Bill Gates on COVID-19: 'Fall 2021 won't be completely back to normal'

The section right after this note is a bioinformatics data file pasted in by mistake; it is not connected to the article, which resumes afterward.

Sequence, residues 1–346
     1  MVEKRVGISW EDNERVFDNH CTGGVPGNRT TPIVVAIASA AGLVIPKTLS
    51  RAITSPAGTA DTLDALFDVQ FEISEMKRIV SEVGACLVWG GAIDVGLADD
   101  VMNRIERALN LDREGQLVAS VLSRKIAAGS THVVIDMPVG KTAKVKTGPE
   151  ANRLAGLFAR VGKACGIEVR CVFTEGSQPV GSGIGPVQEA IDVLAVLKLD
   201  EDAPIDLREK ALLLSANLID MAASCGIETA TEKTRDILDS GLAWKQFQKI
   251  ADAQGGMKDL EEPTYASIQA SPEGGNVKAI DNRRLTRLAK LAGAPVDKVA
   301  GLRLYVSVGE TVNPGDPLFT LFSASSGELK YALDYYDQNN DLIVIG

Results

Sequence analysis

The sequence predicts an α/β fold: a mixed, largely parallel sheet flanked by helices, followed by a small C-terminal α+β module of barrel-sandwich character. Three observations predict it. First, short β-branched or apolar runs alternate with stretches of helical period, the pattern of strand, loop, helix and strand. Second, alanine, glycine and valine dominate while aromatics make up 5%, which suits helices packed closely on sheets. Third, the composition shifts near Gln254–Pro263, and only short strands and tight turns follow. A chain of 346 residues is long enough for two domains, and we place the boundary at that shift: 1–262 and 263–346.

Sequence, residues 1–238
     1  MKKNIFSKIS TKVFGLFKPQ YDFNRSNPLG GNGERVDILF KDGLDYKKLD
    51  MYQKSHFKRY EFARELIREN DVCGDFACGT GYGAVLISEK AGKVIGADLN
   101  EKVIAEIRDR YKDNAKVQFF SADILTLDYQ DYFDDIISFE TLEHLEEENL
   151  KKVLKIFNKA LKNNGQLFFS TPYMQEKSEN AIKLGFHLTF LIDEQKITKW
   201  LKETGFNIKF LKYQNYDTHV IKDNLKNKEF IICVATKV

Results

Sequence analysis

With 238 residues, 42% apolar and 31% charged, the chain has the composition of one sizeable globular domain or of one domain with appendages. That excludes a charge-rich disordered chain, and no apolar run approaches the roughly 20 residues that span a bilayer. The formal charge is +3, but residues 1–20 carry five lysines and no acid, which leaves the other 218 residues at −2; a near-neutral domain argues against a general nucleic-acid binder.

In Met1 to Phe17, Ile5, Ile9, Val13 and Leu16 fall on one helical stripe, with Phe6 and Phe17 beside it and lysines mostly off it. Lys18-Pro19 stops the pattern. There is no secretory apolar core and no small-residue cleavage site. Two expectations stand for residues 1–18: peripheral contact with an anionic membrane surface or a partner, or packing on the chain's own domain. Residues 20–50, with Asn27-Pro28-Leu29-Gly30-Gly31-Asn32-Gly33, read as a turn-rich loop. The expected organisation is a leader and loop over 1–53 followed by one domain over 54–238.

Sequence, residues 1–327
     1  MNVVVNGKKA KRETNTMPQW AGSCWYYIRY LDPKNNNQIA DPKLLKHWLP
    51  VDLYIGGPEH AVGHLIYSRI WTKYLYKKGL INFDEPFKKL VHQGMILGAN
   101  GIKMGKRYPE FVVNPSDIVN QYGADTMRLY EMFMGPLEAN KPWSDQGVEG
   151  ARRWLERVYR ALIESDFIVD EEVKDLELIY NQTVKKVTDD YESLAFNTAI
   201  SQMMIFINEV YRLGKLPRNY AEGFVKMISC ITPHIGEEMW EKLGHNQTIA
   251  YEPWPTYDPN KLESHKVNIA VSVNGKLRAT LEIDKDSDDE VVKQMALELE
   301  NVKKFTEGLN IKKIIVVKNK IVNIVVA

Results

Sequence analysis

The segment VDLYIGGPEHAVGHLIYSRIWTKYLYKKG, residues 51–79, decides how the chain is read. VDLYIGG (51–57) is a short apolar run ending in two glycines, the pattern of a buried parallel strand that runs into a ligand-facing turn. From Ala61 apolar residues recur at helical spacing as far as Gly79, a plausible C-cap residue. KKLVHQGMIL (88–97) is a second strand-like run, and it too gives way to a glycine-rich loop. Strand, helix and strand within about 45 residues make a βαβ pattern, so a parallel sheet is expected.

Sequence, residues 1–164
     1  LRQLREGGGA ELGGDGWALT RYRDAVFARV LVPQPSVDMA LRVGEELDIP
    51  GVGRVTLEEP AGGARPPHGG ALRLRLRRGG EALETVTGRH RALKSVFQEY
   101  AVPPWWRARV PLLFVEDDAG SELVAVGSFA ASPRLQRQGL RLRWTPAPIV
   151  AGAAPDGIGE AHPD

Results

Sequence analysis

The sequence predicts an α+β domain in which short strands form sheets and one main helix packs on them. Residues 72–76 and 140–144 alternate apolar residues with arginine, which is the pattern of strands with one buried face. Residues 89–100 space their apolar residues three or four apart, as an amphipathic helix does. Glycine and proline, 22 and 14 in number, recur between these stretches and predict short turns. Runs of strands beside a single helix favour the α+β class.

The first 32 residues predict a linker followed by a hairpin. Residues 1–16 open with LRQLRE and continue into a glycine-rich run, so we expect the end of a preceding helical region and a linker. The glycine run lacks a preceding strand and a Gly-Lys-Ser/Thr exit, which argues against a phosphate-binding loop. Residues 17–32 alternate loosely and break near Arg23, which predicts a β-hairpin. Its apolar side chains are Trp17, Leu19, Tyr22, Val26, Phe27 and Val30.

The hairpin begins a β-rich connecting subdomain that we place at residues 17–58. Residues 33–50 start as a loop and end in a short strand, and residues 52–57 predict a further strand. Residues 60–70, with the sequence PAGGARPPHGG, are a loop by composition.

Gates has sounded the alarm on pandemics for years, and in April he told PBS that Americans would not be “completely safe” from COVID-19 until the fall of 2021. But the tech founder and philanthropist has a bleaker prediction these days, citing a sluggish global response to a pandemic that has killed over 1 million people around the world. “The slowness on the global response means that, you know, fall 2021 won’t be completely back to normal,” Gates told Yahoo Finance Editor-in-Chief Andy Serwer on Oct. 15, in an interview that will be aired as part of the All Markets Summit on Monday, Oct. 26. While he’s best known for co-founding Microsoft, Gates has become an outspoken public health advocate and even gave a TED talk in 2014 presciently called, “The next outbreak? In particular, Gates has criticized a decision by the Trump administration to withdraw from the World Health Organization (WHO) by July 2021, tweeting that the move was “as dangerous as it sounds.” The U.S. has already said it will redirect $62 million it owes to WHO for dues this year. As the U.S. signals a reluctance to cooperate on a global level, experts say the country is already experiencing a third wave of the virus amid cooling temperatures and a desire to gather with friends and family members. “A lot of the service jobs can be back in place, and certainly school can be back in place, but we’ll have risk of it coming back into the country during that time period,” Gates said. While Gates acknowledged there’s a chance that vaccines won’t be effective by the fall of 2021, he said the said the likelihood of that is now “very, very low.”.